Saturday, August 02, 2008

Free Association Plotting

How many of your FAP? Probably none since I made up the acronym. It stands for Free Association Plotting.

Maybe you’ve got an idea for a book, but it’s just a general nugget, nothing thought out or planned. Or maybe you’ve written the opening chapter, but aren’t sure where to go from there. I suggest you FAP.

I think this is similar to Mind Mapping. I say “think” since I’ve never learned to Mind Map, but I’ve heard others say they Mind Map. And it sounds rather like FAP.

If you’ve got an idea for a book or you’ve written a scene or two, then you’ve got what you need to FAP. Get a piece of paper, big or small. I’ve used a notepad; I’ve also used a huge bulletin board covered with paper.

In one or two words, write your nugget in the center. I usually start with the protagonist. It might be a concept or a murder or a love interest or a setting. Whatever you have. Circle it.

Now, you start Free Associating. Let your mind go to new ideas. Don’t censor.

Around your centered nugget, jot down the things that come to mind. Characters, both main and secondary. Possible plot points for the book. Changes in setting. Connections between the characters. Action.

You can use different colors of ink to differentiate characters from plot points. Or you can put circles around characters and squares around action points. You choose. Use lines to connect the different characters. Dotted lines to show indirect links or red herrings or layering.

Work quickly. Don’t stare at the paper and think. Let your mind come up with all kinds of ideas. You can filter later.

You don’t have to know how everything will fit together. That’s not the point of this exercise. But the beauty is that as you free associate, you’ll discover that things are indeed fitting together. You can see how it would work.

Now step back and look at the entire FAP you created. I bet you’ll smile.

And if you ever get stuck during the writing of the book, do another FAP just for the area you’re having trouble with.


  1. I've never tried this technique, despite the fact that years ago a friend gave me a book on the subject. The book is called Writing the Natural Way, and it's about using right-brain techniques to be creative. I confess, I only glanced through it at time. I'm not good at letting go; preferring to control the thinking/writing process. But your blog made me dig out the book, and I plan to make use of the technique as I plot my next story. And it's time to do that.

    L.J Sellers

  2. Yep, mapping is fapping. :) Funny that you say right-brain, l.j.- An early mindmapper, Tony Buzan, considers it both-brained. I like to call it whole-brained. Will write about that more at Creativity Central very soon.

    Do you know that I actually mindmapped my August blog posts? LOL. It just makes it seem so straightforward and do-able.


  3. Don't know whether it's right or left brained, but it does seem to help free up your ideas. As long as you don't censor yourself during the process. You can do that later.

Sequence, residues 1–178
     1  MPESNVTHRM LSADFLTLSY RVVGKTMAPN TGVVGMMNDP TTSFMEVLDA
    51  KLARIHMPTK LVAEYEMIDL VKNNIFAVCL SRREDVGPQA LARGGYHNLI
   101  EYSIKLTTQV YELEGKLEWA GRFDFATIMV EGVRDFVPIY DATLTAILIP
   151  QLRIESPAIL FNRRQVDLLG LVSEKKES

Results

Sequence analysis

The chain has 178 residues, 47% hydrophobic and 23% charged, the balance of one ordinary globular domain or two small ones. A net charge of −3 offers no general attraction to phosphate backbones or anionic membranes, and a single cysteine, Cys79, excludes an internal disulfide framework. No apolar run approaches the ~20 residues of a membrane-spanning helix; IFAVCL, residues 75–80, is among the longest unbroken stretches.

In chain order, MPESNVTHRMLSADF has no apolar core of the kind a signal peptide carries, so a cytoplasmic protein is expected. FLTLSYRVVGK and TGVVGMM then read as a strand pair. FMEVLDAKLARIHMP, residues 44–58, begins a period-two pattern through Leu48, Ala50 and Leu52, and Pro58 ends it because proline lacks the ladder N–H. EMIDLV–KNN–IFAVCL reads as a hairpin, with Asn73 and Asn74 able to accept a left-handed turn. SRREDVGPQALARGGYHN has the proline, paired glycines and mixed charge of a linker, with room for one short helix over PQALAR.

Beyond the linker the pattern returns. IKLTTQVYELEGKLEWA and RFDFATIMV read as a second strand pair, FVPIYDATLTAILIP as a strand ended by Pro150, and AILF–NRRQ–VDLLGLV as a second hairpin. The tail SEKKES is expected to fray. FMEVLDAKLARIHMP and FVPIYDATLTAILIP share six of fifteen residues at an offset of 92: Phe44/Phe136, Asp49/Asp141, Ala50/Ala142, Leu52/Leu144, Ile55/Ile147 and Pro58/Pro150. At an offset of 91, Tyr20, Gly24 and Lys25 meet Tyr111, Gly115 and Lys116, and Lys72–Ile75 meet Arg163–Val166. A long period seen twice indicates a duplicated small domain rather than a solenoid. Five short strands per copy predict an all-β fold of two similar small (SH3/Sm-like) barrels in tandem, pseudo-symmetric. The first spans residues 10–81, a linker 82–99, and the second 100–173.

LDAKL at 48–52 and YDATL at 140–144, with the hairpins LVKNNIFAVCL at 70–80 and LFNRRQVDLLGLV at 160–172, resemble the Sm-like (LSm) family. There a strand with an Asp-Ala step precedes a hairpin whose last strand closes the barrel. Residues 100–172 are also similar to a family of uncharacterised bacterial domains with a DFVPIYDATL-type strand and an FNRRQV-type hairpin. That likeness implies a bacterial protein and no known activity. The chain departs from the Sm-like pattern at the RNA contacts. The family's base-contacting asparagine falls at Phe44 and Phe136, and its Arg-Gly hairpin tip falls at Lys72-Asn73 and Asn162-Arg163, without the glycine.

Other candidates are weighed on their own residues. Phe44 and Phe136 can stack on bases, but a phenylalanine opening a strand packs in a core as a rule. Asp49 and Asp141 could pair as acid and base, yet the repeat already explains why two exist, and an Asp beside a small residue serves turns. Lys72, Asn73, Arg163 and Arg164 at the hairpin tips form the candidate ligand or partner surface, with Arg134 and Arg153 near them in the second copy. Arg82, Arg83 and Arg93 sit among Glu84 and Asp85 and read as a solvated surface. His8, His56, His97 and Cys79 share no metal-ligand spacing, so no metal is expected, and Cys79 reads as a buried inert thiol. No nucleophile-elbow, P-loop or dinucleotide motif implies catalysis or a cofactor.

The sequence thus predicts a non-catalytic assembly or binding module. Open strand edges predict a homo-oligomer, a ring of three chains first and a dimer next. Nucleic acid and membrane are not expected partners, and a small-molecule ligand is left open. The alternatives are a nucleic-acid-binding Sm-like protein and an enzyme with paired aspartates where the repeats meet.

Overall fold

Let your mind come up with all kinds of ideas, characters, plot ideas, associations, themes, whatever.

    I find it helpful when starting a book and whenever I get "stuck."

    Let me know how it works for you L.J.

  4. Dani --
    I do FAPping with fiction. Hadn't considered trying it with blog posts since, for me, those are research and nonfiction.

    Interesting idea, though.

  5. Hmm, I sometimes sit and sketch out ideas as they come but it usually came under another name.... daydreaming. ha! But a good technique to keep in mind.

  6. Day dreaming is good. I sometimes think of something just as I'm drifting off to sleep, then, of course, forget it by the morning. When I'm in the middle of a book or project, I keep a pad and lighted pen by the bed for when I wake up because of a dream.

  7. I've never tried FAPing in quite this way. My technique is usually to open a notepad file, blindfold myself, and then start typing ideas and thoughts as they come to me. Your idea sounds like fun too, though. I'll have to give it a try.

    By the way, I found your blog on and since you're obviously into writing, I wanted to let you know about a new e-zine that me and a few writer friends are putting together.

    It's called The Oddville Press.

    You should check us out if you're interested--it's free to subscribe, hey! Or better yet, submit something!

    Thanks a bunch!

  8. Hi Steph.

    There's a chance if I tried the blindfold technique that I'd end up with thirty minutes of gibberish. I've been known to get my fingers off-key when I've got both eyes open!

    Went and looked at The Oddville Press. Looks interesting. The staff hails from all over! It'll be fun to go back and check out the first issue next month.

  9. For someone who has as much trouble outlining as I do, this is a wonderful idea to try!

  10. Even if you still feel the need to outline, it'll give you material to start with so you're not facing a blank page.


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